Search Images Maps Play YouTube News Gmail Drive More »
Sign in
Screen reader users: click this link for accessible mode. Accessible mode has the same essential features but works better with your reader.

Patents

  1. Advanced Patent Search
Publication numberUS5342091 A
Publication typeGrant
Application numberUS 08/073,214
Publication dateAug 30, 1994
Filing dateJun 7, 1993
Priority dateJul 28, 1992
Fee statusLapsed
Also published asCA2100104A1
Publication number073214, 08073214, US 5342091 A, US 5342091A, US-A-5342091, US5342091 A, US5342091A
InventorsMichael T. Hancock
Original AssigneeThe Torrington Company
Export CitationBiBTeX, EndNote, RefMan
External Links: USPTO, USPTO Assignment, Espacenet
Energy absorbing steering assembly
US 5342091 A
Abstract
A vehicle crash energy absorbing mechanism incorporated in a steering column structure mountable to a breakaway mounting, the structure including an inner steering shaft which is drivably coupled by a splined arrangement to an outer shaft. The inner shaft has an energy absorption member in the form of a tube which surrounds a pin which is mounted diametrically through the inner shaft. A crash induced force on the column structure causes the outer shaft to be forced relatively towards the tube, thereby inducing an interaction between the pin and tube, the latter being deformed thereby to achieve the requisite energy absorption. In an alternative embodiment, the splined outer shaft itself acts as the absorption energy member, the pin deforming the splined arrangement.
Images(4)
Previous page
Next page
Claims(10)
Having described the invention, what is claimed is:
1. An energy absorbing assembly comprising:
a steering column structure mountable to a breakaway mounting, the steering column structure including an inner steering shaft and an outer shaft drivably coupled to the inner steering shaft and axially slidable with respect to the inner steering shaft; and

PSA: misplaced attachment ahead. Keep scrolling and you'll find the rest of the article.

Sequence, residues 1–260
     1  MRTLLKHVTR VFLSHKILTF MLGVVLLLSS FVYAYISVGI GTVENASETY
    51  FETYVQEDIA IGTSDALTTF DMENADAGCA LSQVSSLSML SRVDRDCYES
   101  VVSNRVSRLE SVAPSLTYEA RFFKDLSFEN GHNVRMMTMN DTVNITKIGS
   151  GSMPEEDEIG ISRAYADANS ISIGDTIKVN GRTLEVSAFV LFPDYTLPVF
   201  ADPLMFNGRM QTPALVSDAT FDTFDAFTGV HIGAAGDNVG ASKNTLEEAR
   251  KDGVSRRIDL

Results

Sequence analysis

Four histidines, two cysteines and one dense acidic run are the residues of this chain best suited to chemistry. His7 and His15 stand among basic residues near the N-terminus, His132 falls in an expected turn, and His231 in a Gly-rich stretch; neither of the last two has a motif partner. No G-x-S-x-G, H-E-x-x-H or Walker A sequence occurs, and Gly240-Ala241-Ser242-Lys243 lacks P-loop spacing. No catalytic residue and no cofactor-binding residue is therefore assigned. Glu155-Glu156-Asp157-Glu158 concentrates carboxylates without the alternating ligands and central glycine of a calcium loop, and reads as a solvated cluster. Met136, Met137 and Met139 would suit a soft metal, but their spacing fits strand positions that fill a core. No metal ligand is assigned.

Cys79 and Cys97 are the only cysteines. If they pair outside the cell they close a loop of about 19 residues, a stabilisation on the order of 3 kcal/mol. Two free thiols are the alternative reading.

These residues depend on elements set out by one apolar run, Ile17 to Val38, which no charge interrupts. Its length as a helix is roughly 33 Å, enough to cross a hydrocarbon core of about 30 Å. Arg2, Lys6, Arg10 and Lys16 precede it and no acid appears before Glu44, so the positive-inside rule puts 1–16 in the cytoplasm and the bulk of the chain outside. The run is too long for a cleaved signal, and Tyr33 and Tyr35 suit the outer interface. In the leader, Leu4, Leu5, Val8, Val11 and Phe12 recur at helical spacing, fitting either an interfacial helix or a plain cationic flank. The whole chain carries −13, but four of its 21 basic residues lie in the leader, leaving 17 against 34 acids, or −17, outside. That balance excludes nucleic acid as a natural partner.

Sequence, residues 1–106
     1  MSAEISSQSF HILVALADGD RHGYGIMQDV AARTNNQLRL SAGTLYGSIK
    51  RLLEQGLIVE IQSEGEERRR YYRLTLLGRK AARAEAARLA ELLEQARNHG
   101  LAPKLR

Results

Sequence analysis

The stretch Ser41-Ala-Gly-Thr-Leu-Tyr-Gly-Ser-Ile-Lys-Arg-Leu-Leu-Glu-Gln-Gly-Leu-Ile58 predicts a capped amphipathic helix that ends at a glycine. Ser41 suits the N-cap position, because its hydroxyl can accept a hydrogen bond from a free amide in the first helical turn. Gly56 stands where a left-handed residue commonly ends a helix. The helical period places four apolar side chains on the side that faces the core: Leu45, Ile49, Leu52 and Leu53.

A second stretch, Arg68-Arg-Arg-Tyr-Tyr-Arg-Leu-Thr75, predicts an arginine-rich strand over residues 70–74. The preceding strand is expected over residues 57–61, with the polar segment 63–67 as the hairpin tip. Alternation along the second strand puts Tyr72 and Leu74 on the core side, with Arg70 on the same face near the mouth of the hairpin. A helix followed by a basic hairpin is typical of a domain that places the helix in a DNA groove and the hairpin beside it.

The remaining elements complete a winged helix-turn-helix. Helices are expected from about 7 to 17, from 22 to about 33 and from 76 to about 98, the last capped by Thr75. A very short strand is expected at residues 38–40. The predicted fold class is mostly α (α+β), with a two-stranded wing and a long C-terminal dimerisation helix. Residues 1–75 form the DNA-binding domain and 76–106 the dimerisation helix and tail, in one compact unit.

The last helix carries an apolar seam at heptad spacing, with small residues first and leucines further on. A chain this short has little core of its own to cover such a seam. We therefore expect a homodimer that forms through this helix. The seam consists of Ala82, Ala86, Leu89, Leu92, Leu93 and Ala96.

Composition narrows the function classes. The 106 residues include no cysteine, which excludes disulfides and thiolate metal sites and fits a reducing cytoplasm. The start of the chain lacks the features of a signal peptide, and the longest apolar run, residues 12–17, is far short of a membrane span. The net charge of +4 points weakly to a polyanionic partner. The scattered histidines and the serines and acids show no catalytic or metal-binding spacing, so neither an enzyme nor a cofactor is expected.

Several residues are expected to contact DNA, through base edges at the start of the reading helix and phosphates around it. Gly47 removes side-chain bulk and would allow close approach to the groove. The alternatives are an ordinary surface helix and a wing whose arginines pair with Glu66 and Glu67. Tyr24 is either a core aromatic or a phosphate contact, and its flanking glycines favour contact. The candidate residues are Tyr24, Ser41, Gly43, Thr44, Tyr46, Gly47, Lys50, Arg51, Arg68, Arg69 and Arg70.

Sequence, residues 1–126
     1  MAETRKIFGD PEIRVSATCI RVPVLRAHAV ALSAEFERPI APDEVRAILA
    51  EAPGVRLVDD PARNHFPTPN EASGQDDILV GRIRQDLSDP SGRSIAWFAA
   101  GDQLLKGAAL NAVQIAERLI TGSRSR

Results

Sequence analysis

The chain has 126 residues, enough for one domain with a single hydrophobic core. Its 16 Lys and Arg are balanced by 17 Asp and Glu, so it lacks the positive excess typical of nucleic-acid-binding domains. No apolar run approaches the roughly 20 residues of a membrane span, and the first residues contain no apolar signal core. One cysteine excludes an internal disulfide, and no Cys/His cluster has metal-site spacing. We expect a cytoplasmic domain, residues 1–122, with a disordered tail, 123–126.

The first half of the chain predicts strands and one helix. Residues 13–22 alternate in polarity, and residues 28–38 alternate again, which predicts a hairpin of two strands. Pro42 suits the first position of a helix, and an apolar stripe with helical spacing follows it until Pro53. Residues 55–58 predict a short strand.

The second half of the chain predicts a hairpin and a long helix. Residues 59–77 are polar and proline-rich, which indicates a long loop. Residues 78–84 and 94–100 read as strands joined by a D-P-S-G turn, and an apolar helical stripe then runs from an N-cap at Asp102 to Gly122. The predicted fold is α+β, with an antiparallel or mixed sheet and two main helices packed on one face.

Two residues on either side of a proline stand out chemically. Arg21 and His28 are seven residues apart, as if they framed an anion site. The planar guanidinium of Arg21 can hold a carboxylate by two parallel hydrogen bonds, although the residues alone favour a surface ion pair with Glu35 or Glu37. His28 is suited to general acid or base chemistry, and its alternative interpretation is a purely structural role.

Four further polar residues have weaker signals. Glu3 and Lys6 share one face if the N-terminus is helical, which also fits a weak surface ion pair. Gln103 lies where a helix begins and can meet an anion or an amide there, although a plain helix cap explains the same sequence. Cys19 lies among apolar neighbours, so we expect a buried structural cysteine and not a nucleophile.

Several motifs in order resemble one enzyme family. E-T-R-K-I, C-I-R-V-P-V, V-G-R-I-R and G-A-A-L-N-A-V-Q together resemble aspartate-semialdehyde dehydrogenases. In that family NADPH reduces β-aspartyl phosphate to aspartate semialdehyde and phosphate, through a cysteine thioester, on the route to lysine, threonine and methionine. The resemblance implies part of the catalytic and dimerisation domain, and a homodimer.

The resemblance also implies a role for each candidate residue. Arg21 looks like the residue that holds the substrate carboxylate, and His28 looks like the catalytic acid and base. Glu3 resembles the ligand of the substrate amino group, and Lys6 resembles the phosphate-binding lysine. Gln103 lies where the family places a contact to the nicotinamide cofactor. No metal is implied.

an energy absorbing means for absorbing energy from crash induced forces on the steering column structure, the energy absorbing means being mounted on the inner steering shaft, the energy absorbing means comprising: a tube mounted about the inner steering shaft and a pin extending outward of the inner steering shaft, the pin having a length as to form an interference fit within an initial part of the tube, the pin being free floating within the inner steering shaft.
2. The energy absorbing assembly according to claim 1, wherein said initial part of the tube having diametrically opposite slots extending in the axial direction from the outer end of the tube.
3. The energy absorbing assembly according to claim 1, wherein the inner steering shaft and the outer shaft are drivably coupled to one another by a splined arrangement.
4. The energy absorbing assembly according to claim 1, wherein the pin is mounted diametrically through the inner steering shaft.
5. An energy absorbing assembly comprising:
a steering column structure mountable to a breakaway mounting, the steering column structure including an inner steering shaft and an outer shaft drivably coupled to the inner shaft by a splined arrangement and axially slidable with respect to the inner steering shaft, the inner steering shaft having an outwardly extending pin therein, the inner steering shaft being forced into the outer shaft in a crash situation, the pin deforming said splined arrangement thereby absorbing energy.
6. The energy absorbing mechanism according to claim 5, further comprising:
a sleeve about the inner steering shaft, the pin being held in place by the sleeve, the sleeve being urged clear of the pin by said outer shaft when it is forced towards the pin.